EU urges Russia to help stabilise Ukraine
The EU has urged Russia to join efforts to stabilise the Ukrainian economy, as armed men seize local government buildings in Crimea.
Speaking in the European Parliament in Strasbourg on Wednesday (26 February), EU neighbourhood commissioner Stefan Fuele said: “Russia has a chance to become part of the efforts to bring stability and prosperity back to Ukraine, including being part of the coordinated international efforts to help Ukraine address its economic challenges.”
Dear EUobserver reader
Subscribe now for unrestricted access to EUobserver.
Sign up for 30 days' free trial, no obligation. Full subscription only 15 € / month or 150 € / year.
- Unlimited access on desktop and mobile
- All premium articles, analysis, commentary and investigations
- EUobserver archives
EUobserver is the only independent news media covering EU affairs in Brussels and all 28 member states.
♡ We value your support.
If you already have an account click here to login.
He added: “Russia can only gain from Ukraine’s success; and it risks losing heavily if Ukraine fails.”
The EU, the US, and the International Monetary Fund (IMF) are currently working on a Ukrainian bailout.
EU foreign affairs chief Catherine Ashton at a meeting with five EU commissioners in charge of financial instruments in Brussels on Wednesday invited economic affairs chief Olli Rehn “to be the focal point on the EU side, co-ordinating the financial support efforts with the IMF and other international financial institutions, member states and third countries.”
She was just back from Kiev, where opposition chiefs urged her to find money, to get the EU to drop visa requirements and to offer the country an enlargement perspective.
They also urged her to impose asset freezes on former regime officials to help repatriate €9 billion in “embezzled” funds.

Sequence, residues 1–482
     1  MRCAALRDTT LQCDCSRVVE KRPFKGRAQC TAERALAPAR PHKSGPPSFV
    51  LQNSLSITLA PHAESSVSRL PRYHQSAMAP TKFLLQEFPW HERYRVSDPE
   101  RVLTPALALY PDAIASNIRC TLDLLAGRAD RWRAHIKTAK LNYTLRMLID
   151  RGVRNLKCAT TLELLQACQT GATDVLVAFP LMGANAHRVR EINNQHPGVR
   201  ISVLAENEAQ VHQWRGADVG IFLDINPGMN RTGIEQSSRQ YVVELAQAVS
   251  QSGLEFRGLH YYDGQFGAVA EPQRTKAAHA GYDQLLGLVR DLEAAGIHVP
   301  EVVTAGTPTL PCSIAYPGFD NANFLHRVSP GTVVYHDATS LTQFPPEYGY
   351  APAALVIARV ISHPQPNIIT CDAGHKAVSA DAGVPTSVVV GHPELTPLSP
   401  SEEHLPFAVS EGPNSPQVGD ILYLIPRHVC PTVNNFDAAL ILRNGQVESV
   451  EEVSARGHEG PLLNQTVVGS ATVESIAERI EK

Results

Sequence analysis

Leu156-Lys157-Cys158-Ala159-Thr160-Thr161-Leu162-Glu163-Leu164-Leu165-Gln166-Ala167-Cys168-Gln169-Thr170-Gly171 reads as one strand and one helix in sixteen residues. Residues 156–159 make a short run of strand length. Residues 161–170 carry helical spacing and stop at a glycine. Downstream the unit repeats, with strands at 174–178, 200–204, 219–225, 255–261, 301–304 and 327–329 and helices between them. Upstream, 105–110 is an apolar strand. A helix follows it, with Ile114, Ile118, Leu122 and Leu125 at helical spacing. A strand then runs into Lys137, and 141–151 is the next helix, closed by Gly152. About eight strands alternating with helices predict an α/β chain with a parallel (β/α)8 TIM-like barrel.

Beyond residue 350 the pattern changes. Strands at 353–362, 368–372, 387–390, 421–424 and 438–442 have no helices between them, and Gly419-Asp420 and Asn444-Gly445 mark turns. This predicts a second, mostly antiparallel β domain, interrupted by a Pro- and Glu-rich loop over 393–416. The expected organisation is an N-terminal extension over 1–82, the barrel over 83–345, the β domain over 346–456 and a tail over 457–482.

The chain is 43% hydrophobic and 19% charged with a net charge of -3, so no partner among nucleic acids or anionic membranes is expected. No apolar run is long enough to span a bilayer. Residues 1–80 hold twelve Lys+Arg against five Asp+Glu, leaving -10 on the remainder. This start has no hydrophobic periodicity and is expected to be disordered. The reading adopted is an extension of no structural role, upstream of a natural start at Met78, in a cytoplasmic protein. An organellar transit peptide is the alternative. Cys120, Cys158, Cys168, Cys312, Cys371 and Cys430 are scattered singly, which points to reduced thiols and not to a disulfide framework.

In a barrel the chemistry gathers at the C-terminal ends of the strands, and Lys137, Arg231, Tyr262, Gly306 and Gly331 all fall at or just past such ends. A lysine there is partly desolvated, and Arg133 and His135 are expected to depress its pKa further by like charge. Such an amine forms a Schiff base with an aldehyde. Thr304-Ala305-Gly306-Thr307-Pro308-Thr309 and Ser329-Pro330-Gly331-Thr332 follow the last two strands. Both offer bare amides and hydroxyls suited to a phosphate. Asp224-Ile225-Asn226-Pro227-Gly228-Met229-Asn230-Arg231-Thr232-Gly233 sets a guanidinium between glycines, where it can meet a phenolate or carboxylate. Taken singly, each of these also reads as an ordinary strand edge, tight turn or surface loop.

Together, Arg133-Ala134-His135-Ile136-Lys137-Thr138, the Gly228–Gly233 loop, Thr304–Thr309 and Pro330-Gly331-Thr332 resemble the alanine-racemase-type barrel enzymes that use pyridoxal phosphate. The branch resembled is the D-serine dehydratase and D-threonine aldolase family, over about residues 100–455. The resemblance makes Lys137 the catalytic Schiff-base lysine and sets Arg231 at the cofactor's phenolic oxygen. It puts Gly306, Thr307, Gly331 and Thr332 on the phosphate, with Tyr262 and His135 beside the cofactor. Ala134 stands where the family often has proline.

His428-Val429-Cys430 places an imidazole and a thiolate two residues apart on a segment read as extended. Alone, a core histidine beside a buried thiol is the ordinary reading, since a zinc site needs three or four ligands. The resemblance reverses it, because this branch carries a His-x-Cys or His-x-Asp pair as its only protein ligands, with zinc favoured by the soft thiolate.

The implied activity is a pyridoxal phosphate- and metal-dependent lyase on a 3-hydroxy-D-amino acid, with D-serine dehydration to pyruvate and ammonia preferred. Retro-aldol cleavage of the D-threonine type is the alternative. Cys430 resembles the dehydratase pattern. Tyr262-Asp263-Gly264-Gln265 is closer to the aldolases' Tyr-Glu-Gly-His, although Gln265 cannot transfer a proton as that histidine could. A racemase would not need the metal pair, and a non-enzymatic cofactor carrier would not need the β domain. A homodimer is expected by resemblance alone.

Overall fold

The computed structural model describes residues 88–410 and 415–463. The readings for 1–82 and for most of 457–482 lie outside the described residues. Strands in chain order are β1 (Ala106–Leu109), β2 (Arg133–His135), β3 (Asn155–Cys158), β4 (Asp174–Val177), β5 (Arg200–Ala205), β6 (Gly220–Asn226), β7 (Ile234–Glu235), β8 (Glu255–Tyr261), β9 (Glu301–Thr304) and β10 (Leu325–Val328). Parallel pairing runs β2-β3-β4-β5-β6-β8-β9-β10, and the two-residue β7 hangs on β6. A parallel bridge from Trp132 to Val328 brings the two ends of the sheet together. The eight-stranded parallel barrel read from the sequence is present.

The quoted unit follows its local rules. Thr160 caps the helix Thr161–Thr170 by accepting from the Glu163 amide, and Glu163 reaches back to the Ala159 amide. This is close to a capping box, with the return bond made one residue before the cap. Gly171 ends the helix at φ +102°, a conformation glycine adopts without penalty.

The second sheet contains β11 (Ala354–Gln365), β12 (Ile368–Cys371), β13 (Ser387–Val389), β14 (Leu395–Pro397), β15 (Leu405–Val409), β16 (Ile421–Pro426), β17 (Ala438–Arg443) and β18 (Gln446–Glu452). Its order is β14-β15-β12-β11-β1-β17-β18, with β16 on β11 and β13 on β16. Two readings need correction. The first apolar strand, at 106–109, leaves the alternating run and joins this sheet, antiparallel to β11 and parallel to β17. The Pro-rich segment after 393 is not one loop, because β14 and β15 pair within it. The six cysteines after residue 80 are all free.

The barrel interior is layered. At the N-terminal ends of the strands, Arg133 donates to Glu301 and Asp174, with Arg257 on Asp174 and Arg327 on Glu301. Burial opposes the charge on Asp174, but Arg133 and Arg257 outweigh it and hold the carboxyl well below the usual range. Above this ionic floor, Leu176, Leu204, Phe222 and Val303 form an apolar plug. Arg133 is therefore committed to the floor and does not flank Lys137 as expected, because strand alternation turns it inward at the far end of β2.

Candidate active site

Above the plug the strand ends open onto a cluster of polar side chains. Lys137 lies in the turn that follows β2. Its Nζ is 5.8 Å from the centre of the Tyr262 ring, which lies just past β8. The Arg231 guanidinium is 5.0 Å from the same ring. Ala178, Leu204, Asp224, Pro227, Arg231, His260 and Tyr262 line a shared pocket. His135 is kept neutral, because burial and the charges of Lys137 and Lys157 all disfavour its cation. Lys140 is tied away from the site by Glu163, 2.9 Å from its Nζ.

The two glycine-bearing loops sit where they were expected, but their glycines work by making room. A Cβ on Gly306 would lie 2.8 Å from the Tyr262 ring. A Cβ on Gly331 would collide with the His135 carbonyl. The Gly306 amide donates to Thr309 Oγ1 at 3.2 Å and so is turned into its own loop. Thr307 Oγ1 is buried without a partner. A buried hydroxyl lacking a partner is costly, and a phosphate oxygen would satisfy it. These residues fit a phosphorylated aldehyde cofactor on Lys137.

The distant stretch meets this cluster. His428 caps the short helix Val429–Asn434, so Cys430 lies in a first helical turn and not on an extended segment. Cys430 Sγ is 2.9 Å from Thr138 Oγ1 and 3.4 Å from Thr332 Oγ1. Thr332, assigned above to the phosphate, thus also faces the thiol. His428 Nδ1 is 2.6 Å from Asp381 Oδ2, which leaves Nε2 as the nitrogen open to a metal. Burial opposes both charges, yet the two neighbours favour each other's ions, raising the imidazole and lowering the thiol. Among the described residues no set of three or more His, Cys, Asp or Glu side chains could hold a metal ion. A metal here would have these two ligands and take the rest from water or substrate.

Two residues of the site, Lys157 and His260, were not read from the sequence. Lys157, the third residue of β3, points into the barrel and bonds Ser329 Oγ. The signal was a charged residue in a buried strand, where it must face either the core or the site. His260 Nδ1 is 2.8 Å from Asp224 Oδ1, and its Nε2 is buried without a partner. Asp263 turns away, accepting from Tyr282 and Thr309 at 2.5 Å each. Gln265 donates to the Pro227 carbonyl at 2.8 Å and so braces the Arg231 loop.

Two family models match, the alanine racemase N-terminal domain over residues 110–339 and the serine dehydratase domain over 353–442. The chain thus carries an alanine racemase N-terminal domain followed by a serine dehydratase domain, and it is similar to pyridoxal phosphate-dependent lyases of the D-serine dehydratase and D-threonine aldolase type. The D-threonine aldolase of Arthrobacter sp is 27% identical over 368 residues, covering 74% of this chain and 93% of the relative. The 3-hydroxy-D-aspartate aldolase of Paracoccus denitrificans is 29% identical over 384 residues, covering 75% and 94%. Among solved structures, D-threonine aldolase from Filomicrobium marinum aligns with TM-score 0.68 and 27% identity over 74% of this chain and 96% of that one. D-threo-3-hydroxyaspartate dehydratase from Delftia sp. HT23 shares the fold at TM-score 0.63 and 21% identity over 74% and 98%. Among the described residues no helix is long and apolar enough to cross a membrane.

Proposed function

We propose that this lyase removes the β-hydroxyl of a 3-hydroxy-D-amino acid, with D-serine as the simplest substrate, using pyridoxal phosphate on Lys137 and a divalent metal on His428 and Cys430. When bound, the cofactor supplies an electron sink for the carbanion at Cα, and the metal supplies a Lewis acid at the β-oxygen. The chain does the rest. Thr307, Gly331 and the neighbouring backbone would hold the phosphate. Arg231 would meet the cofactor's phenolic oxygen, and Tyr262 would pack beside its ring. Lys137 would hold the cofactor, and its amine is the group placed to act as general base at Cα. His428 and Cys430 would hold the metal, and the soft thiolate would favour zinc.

For his part, US deputy secretary of state William Burns also met with Ashton and with the new authorities in Ukraine.
He said on Wednesday: “A team of economic specialists from the Department of Treasury and White House accompanied me to Kiev, and will stay on after my departure today to continue our consultations.”
A state department spokeswoman in Washington, Jen Psaki, echoed Fuele, noting that Russia’s plan to hold a military drill on the Ukrainian border is “detrimental” to the situation.
“Our message to Russia and to Ukraine continues to be that we believe we have a shared interest in a stable, peaceful, and unified Ukraine, and we shouldn’t - no one should take steps that would threaten that,” she said.
Inside Ukraine, parliament nominated a new unity government on Wednesday.
It named Arseniy Yatsenyuk, the joint leader of former PM Yulia Tymoshenko’s Batkivshchyna party, as the interim prime minister, consolidating the group’s hold on power after another Tymoshenko loyalist, Olexander Turchynov, was named interim president.
With the Ukrainian economy in need of deep reform, both men warned they will have to take unpopular decisions.
"We are on the brink of a disaster and this is the government of political suiciders. So welcome to hell," Yatsenyuk told the BBC.
The interim government was well received by the crowd on the Maidan, the protest camp in Kiev city centre, despite mistrust of opposition MPs.
But Polish foreign minister Radek Sikorski told CNN the new leaders made a “mistake” earlier this week when they repealed a law granting official status to Russian alongside the Ukrainian language, antagonising ethnic Russians in the country.
For their part, people in Lviv, in western Ukraine, the historic heartland of Ukrainian nationalism, on Wednesday spoke Russian instead of Ukrainian in a show of solidarity.
But early on Thursday a group of 50 armed men forced their way into government buildings in Simferopol, the capital city in the majority ethnic Russian region of Crimea, and raised the Russian flag on top of the local parliament.
"Interior troops and the entire police force have been put on alert," the acting interior minister, Arsen Avakov, said on Facebook.
Analysts disagree whether Russia is willing to repeat its actions in Georgia in 2008, when its army occupied two breakaway regions on the pretext of protecting Russian passport-holders who live there.
But one EU diplomat said if Russian actions spook financial markets into precipitating Ukraine’s bankruptcy, it would help Moscow to extend influence in Kiev.
“The Ukrainian economy is on the edge of a cliff. And Russia is just waiting for this opportunity in order to turn back the tide of events. If Ukraine falls, it will be much easier to restore the old status quo. The EU has to act fast,” he noted.